Mountain bikes are most certainly going to come equipped with some form of suspension, whether that’s full or part suspension – this will be dependent on how much you’re spending. The reason that MTBs need suspension is to allow them to tackle the variety of terrain they are going to be presented with.

The suspension also provides comfort for the rider and helps absorb some of the shocks from fast descents and big drop-offs.

In the world of mountain biking a full-suspension mountain bike will be called a full-suspension mountain bike, whereas a mountain bike with only front suspension will be called a ‘hardtail’ because there’s nothing to soften the blows on your tail as you make your way down the descents.

Simply put, a gravel bike is unlikely to contain any kind of suspension because it is designed to perform like a road bike and therefore be as light as possible.

In the rare cases you do come across a gravel bike with suspension it will only have front suspension.

Versatility and everyday use

Mountain BikeGravel Bike
Unless you are a professional mountain bike rider you are unlikely to be spending time doing off-road cycling every day and a mountain bike is specifically designed for this purpose making its versatility limited.

We are not saying you can’t ride your mountain bike on other surfaces and for everyday use such as commuting or going to the shops, however, pulling a heavy mountain bike around the place will be much harder compared to a gravel bike.

A gravel bike is designed to perform like a road bike with the bonus of being able to tackle some off-road riding.

When ridden on the road or cycle paths you shouldn’t feel much difference in performance compared to a road bike.

Due to its design a gravel bike is much more versatile compared to a mountain bike as you can use it in many more scenarios.

Factors to consider when buying


Both mountain and gravel bikes come under different price brackets so it’s very dependent on an individual’s budget when they are purchasing a bike, however, it is possible to categorise each kind of bike into different price brackets.

Mountain BikeGravel Bike
Under £1000 – for this, you are not going to get a full suspension bike, but you will get yourself an excellent bike especially if you are towards the top end of this price bracket.

Between £1000 and £2500 – in this intermediate pricing level you can expect to find a very good selection of bikes and you’ll definitely be able to get a full suspension mountain bike.

Over £2500 – we’re talking serious money here but if you are willing to pay this amount then you can expect a top-level bike that comes equipped with everything you need to enjoy the finest quality off-road cycling experience.

Under £1000 – it’s a similar story to the mountain bike for the under £1000 price bracket – perfect for those who are just starting out but if you are seriously into cycling then it might be worthwhile spending a little more.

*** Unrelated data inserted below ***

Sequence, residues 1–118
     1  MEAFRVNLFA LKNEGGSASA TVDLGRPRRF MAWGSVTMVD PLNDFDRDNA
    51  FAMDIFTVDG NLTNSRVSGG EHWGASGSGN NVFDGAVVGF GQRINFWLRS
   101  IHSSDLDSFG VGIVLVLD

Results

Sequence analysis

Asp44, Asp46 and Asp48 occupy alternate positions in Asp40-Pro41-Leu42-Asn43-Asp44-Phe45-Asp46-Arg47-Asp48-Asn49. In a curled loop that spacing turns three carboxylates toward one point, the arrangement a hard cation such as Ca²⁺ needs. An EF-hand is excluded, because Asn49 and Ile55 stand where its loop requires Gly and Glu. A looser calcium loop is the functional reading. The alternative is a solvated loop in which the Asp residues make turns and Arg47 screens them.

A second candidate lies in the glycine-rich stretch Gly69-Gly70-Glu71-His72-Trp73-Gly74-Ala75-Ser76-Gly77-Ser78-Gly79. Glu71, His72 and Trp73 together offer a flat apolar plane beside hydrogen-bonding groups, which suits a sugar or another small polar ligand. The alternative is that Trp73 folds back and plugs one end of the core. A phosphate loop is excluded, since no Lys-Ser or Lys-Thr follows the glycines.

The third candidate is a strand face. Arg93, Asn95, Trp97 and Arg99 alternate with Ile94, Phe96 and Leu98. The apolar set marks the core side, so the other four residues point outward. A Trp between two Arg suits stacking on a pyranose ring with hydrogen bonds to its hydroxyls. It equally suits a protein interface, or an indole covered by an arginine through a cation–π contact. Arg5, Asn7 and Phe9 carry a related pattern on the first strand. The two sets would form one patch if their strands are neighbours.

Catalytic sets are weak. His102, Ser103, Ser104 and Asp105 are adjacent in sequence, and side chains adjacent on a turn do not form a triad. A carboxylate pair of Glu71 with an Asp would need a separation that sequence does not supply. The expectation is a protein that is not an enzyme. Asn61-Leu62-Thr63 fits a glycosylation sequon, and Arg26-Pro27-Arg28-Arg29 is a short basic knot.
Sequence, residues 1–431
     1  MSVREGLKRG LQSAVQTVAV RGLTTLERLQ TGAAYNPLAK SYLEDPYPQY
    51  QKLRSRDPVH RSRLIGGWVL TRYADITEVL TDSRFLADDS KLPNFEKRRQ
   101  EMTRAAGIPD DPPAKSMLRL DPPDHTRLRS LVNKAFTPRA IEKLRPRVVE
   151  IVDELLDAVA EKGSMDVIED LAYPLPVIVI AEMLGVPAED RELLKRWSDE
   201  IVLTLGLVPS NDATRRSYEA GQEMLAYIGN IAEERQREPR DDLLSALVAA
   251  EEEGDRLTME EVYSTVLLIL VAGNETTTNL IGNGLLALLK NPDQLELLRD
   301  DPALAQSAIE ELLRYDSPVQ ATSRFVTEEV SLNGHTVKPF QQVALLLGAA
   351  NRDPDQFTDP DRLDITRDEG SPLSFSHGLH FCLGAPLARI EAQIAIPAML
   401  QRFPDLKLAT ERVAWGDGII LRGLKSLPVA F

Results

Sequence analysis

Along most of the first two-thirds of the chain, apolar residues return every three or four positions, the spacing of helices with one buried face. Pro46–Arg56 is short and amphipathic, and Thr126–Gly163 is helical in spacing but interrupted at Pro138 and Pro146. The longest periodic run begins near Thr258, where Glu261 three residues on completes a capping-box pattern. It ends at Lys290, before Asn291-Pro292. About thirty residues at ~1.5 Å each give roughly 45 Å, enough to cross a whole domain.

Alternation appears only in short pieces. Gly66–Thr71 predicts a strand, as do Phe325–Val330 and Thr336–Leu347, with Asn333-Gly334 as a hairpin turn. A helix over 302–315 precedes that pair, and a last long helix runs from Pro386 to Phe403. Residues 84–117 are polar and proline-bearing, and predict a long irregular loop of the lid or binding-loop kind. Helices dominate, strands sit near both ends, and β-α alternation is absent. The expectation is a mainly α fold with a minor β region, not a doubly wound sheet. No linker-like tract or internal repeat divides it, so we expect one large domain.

£1000 – £3000 – we are talking serious money again here, but if you can afford it, this price range will give you access to some top-quality bikes that will provide you with hours and hours of cycling fun.

Over £3000 – in my opinion, we’re talking professional-level bikes here and probably most people would stay away from this price bracket unless you’ve recently won the lottery. Joking aside, here in this bracket you can expect to find the cream of the crop and you’ll get yourself a bike that comes equipped with all the best equipment.

gravel bikeWhen deciding to buy a bike it’s important to consider how much you’re going to actually use it because that’s where the value aspect of the purchase comes into play.

If it’s a new hobby then perhaps it’s best to start with a cheaper bike as you work your way into the sport before committing to buying a more expensive bike.

Alternatively, if you’ve been cycling for a long time and you’d like to invest in something with more quality, spending more money will certainly get you a better bike. In my cycling experience, I have always liked to put the cost of the bike against how many miles I can manage in a year, for example, if the bike you buy costs £1000 and you complete 1000 miles then you’ve spent £1 a mile, which I think is good value – obviously the more miles you ride the better value.

A good aspect about bikes is generally they tend to hold value well, so if you do dip your toe into the world of cycling and feel that it isn’t for you, selling your bike shouldn’t be a problem and you’ll get a decent chunk of what you paid for it back.

One caveat to this is that the bike needs to be well maintained – I recommend a yearly service at your local bike shop to maintain performance.


mountain bike

We hope that this article has been interesting and informative and has covered everything you need to know about the difference between mountain and gravel bikes.

It’s difficult to recommend what bike to choose without knowing more about the kind of riding that someone wishes to do, but for this article, we are going to recommend that buying a gravel bike would suit more people than having a mountain bike.

There are a few reasons for this; the first is that a gravel bike can be used in the same way as a road bike, so if you needed to pop from the office into town, or commute from home to work the gravel bike would be much more suitable.

Secondly, if you wanted to go for a short bike ride with your children on a cycle path then again, the gravel bike would reign supreme. Thirdly, the gravel bike can also handle some off-road riding (providing it is not too extreme) so you still go on an epic off-road adventure on your road bike and it will cope with uneven surfaces very well.

For all those reasons we think that the gravel bike comes in slightly ahead of the mountain bike in terms of being more versatile for everyday use, but that being said, if spending time up in the hills is your thing and you’re not bothered about all the things we’ve listed above, the mountain bike would be the way to go.